Plaintiff sued Defendant insurer to collect uninsured motorist benefits based on hit and run accident. The policy included coverage for specifically described vehicles under a standard uninsured motorist endorsement, including an arbitration clause. The Trial Court determined uninsured motorist benefits were payable and upheld the arbitration.
The insurer appealed arguing that (1) the policy contained a typographical error in the listing of covered vehicles and should be reformed to reflect the parties’ intent, (2) enforcement of the arbitration was improper, (3) the Trial Court improperly expanded coverage under estoppel and (4) Plaintiff is not a proper party. The Court of Appeals affirmed the Trial Court finding that the policy coverage was afforded, Plaintiff qualified as a defined insured, no reformation was warranted and affirming the arbitration award.[su_box title=”Kallas & Henk Note”] The Court determined that the parties’ intent was not clear from the record, therefore the ambiguity must be construed in favor of coverage against the drafter. This reasoning follows the recent Supreme Court determination in Klapp v. United Insurance Group Agency, Inc of using the contra-proferentem rule as last resort in the context of an insurance contract. [/su_box]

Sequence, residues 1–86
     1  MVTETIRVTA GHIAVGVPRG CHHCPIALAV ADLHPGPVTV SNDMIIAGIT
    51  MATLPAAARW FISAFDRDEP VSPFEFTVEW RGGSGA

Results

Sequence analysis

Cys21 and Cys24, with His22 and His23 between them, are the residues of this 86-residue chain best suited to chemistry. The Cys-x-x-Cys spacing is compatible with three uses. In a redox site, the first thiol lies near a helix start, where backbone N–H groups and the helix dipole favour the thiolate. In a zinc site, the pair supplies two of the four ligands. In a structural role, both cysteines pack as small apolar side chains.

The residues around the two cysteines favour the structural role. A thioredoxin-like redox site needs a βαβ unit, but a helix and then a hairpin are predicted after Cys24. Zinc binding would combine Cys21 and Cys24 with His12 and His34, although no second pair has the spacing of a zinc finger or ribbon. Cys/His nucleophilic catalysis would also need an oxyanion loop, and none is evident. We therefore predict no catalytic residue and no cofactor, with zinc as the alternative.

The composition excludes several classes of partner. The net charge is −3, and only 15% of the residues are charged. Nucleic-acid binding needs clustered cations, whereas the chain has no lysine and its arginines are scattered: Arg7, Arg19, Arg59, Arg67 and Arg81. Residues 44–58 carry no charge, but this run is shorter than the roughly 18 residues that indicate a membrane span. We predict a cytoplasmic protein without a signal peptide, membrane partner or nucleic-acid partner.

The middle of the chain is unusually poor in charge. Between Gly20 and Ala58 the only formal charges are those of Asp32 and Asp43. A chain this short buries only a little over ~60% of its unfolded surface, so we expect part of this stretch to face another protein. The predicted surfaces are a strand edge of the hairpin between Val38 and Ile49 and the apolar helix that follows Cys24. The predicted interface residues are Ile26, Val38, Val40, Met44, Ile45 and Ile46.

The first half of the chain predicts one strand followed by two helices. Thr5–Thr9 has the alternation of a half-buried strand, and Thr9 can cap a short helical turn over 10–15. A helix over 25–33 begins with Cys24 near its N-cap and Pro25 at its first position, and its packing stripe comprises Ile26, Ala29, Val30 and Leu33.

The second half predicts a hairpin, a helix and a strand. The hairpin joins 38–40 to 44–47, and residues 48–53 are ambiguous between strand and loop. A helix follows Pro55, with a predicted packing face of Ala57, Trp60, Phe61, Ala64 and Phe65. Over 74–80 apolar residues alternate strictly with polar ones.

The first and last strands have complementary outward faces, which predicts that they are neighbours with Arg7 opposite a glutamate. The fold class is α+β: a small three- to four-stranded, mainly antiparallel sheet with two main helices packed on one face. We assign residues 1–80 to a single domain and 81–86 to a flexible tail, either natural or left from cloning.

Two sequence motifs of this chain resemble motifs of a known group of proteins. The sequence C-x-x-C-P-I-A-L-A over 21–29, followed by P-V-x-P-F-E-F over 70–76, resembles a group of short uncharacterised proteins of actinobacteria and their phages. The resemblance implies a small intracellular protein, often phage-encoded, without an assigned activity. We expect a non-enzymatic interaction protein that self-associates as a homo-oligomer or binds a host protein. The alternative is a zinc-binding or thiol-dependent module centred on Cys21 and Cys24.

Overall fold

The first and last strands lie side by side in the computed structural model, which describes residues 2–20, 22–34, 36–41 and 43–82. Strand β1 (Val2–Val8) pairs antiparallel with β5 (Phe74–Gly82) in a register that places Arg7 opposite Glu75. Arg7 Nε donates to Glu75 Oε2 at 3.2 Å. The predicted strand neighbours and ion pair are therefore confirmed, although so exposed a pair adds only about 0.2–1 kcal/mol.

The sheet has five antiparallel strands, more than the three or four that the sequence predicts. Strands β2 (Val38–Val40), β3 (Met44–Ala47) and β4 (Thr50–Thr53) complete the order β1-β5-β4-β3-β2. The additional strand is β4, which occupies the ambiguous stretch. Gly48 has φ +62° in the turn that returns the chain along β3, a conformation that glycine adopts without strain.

Allstate Insurance Co. v Daniel Granger et. al.
Decided September 9, 2003 Michigan Court of Appeals Docket No. 236753.
Plaintiff homeowner insurer sought a determination of coverage for a third-party action arising from a sexual assault at the insured’s home. A minor social guest sued for sexual acts between the minor and an adult social guest. The policy expressly excluded coverage for intentional or criminal actions. Insurer argued no “occurrence” and/or the exclusion. The Trial Court granted summary disposition in favor of the insureds.
The Court of Appeals reversed finding that sexual relations between minors and adults infers intent and the actions of the insured were not an accident, therefore, no “occurrence” took place and no coverage existed.[su_box title=”Kallas & Henk Note”] The Court relied on the Michigan line of cases dealing with interpretation of insurance coverage when criminal sexual conduct is involved to reach its decision. [/su_box]